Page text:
Probably still the most prominent database solution for web purposes, MySQL is used by many apps, like WordPress and TYPO3. Setting up MySQL and orchestrating it with phpMyAdmin on sloppy.io is as easy as it gets. Let me show you, how it's done.
Logging in to sloppy.io, your dashboard shows an overview of your existing projects. Click “Create a New Project“ to access the creation form for new projects. Every sloppy.io project needs a name, which is also the ID by which it is referred to. You're free to choose, but for the matter of this tutorial, let's stick with “my-mysql-db”.
Each project consists of services. Services are a means to categorize the apps you wish to combine in a project and, like project names, are also absolute IDs for referral. For our purpose, we're going to setup a “backend” service, comprising a MySQL database, and a “frontend” service, consisting of phpMyAdmin.
First, we're going to setup MySQL. Upon typing “mysql” in the Image Path field, a dropdown appears, showing all available Docker Hub images containing the search word. Fittingly,
mysql is also the name of the official repository for MySQL on Docker Hub, so that's what we're selecting.
Step 1: Selecting Docker image and Environment Variables
Since MySQL will be running in the background, we can switch off “This is a web app” and continue to setup Environment Variables. The Docker Hub page for MySQL lists all possible variables, but as we're off for a quick start, we'll just go with a
MYSQL_ROOT_PASSWORD as Key and a password of your choosing as Value. Now, before we can deploy, head to the Performance tab and up the RAM to at least 512 MB. That's it! Click “Deploy project” and see your instance running successfully in a second.
Step 2: Assigning at least 512 MB RAM to MySQL
Next is phpMyAdmin. Click “Edit project” to return to the creation form, and add the service “frontend” and the app “phpmyadmin”. Again, typing “phpmyadmin” in the Image Path field will yield to the dropdown showing Docker Hub images comprising the search word. The path to the official image in this case is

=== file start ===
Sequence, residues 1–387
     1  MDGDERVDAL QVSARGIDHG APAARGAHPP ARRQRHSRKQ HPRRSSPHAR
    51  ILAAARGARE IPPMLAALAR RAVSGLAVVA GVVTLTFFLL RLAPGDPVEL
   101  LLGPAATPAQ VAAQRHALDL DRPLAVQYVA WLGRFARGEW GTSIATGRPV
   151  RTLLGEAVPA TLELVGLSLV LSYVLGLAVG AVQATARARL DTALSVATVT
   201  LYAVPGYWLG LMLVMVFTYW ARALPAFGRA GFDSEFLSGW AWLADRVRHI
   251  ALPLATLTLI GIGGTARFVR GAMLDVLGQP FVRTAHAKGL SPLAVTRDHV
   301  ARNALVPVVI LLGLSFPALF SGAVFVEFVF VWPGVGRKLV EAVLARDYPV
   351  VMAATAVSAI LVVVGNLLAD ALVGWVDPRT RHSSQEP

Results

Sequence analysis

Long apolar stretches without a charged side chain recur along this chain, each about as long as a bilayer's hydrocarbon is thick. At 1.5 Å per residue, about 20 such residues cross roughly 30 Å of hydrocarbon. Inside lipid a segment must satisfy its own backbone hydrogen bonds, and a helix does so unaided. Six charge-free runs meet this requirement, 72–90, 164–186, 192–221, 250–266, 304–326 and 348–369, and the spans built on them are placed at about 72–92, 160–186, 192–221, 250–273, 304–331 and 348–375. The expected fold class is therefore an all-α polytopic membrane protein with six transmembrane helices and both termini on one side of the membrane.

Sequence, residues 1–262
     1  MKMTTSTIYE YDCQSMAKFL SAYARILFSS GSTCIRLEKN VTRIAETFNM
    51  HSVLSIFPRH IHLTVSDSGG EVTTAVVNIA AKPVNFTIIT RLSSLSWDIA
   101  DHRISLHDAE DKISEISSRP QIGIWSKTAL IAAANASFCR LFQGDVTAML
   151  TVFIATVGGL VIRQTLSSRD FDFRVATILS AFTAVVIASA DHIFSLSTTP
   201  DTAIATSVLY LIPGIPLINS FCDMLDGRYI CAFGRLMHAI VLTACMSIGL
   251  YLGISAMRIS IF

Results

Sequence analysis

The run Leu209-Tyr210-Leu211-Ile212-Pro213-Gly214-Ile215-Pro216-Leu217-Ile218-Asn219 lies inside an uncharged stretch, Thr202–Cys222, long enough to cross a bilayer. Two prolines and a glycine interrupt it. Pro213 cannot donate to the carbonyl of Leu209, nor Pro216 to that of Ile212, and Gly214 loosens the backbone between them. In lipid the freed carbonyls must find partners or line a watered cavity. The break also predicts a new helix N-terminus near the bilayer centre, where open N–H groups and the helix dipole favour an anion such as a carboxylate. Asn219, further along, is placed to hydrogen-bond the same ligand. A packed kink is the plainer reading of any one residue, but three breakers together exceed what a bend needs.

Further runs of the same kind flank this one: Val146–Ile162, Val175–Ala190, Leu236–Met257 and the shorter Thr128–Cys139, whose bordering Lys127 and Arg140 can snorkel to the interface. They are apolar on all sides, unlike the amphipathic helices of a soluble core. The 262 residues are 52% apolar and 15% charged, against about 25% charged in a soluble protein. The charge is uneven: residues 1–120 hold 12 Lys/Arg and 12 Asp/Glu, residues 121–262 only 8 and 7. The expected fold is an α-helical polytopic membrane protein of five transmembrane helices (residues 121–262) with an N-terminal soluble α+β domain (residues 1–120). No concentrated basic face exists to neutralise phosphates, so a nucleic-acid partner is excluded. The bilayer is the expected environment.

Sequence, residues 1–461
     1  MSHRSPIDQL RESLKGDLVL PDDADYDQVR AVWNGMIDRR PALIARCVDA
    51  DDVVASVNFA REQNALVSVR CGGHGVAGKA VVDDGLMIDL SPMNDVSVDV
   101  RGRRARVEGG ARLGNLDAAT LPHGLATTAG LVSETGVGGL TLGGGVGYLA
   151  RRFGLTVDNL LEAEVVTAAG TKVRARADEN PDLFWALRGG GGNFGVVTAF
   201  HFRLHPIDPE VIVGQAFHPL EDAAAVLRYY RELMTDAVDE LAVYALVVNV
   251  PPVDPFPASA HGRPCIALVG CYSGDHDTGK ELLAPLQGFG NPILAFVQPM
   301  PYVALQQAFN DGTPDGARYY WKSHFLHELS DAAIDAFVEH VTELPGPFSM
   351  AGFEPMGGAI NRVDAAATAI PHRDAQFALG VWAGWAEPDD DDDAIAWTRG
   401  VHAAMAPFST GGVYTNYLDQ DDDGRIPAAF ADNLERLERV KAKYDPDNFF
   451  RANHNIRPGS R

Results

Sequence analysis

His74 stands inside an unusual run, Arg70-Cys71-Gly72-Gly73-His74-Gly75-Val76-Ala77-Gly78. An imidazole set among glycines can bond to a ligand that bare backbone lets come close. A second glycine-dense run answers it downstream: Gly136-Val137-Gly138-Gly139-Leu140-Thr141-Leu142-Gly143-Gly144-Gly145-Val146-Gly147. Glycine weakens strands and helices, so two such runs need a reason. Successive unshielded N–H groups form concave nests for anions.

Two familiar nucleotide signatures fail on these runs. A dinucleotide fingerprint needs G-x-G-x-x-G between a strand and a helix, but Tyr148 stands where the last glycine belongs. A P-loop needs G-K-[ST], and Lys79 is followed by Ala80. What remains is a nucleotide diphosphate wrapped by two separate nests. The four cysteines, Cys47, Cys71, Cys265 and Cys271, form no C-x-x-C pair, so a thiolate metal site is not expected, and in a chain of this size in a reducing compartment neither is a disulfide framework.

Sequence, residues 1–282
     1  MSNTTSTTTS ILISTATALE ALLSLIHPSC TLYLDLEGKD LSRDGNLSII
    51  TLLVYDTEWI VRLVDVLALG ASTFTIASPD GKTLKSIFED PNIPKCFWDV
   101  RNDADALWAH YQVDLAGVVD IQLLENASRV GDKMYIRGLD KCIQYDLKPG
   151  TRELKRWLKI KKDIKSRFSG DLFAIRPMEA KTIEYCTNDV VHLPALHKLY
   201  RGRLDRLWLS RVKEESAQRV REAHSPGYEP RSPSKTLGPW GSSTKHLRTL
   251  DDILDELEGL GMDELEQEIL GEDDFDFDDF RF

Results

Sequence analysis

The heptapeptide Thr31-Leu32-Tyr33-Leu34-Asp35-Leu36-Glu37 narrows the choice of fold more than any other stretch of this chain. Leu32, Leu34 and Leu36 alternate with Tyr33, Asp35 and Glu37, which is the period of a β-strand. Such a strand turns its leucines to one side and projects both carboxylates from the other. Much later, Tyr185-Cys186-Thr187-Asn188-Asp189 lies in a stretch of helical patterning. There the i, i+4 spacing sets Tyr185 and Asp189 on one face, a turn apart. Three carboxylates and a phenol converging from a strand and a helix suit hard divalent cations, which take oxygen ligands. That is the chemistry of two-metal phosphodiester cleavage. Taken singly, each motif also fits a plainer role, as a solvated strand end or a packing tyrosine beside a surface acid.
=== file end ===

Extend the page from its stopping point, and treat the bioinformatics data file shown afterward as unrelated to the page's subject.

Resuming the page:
phpmyadmin/phpmyadmin. Select it and continue to “Networking”.
Step 3: Wait for MySQL to run and continue
To access phpMyAdmin via web, a domain is needed. Sloppy.io offers the use of free subdomains of our “sloppy.zone”. If you've already got a domain, here's how you can use it. Right now, we're simply using the name of our project as the subdomain: “my-mysql-db.sloppy.zone”. Note that the subdomain might already be taken, in which case you only need to come up with a different one.
Step 4: Selecting Docker image for phpMyAdmin and Environment Variables
Now, we only need to enter two Environment Variables, before we can deploy phpMyAdmin.
PMA_HOST refers to our MySQL container. Entering the Value field, the ID of this container is already shown in a dropbox below, so we just need to select it – neat, right? If you want to enter it manually, type in the IDs of your MySQL app, the service it's filed under and the project – in that order, and separated by dots. Finally,
MYSQL_ROOT_PASSWORD is the password we've set up moments ago for MySQL. That's it, click “Update project” and wait for the instance to run.
Step 5: Wait for both apps to run successfully
Entering the URL we've specified into the browser or using the outgoing link in the project overview, phpMyAdmin now pops up and asks for Username and Password. Log in with “root” and our set password, and start working.
Step 6: Open phpMyAdmin and login with your root password
There you have it, a fully operational MySQL database complete with phpMyAdmin administration, created in a matter of seconds using the sloppy.io UI. Let us know if you're having trouble understanding this article or if you'd like to suggest a different topic for a future tutorial.
Here are the links to the Docker Hub images and respective Environment Variables we've been using in this tutorial:
- MySQL: https://hub.docker.com/_/mysql/
- MySQL Environment Variables:
- phpMyAdmin: https://hub.docker.com/r/phpmyadmin/phpmyadmin/
- phpMyAdmin Environment Variables:
Find out how to manage other databases on sloppy.io